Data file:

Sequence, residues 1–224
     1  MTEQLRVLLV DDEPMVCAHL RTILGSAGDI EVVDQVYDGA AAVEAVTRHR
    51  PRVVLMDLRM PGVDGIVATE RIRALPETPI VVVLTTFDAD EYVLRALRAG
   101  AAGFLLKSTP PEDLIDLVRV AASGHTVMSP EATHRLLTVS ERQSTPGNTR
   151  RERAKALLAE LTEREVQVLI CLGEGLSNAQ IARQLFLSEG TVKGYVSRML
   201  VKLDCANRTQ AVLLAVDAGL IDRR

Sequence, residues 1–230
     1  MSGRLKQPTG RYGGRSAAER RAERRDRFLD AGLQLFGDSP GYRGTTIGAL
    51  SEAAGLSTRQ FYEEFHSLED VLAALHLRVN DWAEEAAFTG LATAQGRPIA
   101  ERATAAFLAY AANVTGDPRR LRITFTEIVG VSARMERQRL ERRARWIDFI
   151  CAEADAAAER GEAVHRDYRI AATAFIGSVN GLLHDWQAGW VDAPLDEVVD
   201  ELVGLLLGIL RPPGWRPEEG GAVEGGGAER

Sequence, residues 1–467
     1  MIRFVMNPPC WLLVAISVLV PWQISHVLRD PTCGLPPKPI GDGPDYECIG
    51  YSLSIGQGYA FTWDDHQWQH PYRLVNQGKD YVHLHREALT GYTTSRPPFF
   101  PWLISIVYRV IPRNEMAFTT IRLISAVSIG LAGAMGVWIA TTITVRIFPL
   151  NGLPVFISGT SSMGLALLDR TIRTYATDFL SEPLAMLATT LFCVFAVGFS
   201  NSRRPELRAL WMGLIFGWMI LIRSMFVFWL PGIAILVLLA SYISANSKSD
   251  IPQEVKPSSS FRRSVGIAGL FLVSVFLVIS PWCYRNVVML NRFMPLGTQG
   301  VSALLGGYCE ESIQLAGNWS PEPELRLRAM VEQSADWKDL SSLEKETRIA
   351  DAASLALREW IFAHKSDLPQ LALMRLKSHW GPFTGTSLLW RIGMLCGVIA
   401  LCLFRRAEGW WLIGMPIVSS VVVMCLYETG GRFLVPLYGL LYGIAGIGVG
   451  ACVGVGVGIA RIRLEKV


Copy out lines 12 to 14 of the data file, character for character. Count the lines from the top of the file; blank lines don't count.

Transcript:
   201  ELVGLLLGIL RPPGWRPEEG GAVEGGGAER

Sequence, residues 1–467
     1  MIRFVMNPPC WLLVAISVLV PWQISHVLRD PTCGLPPKPI GDGPDYECIG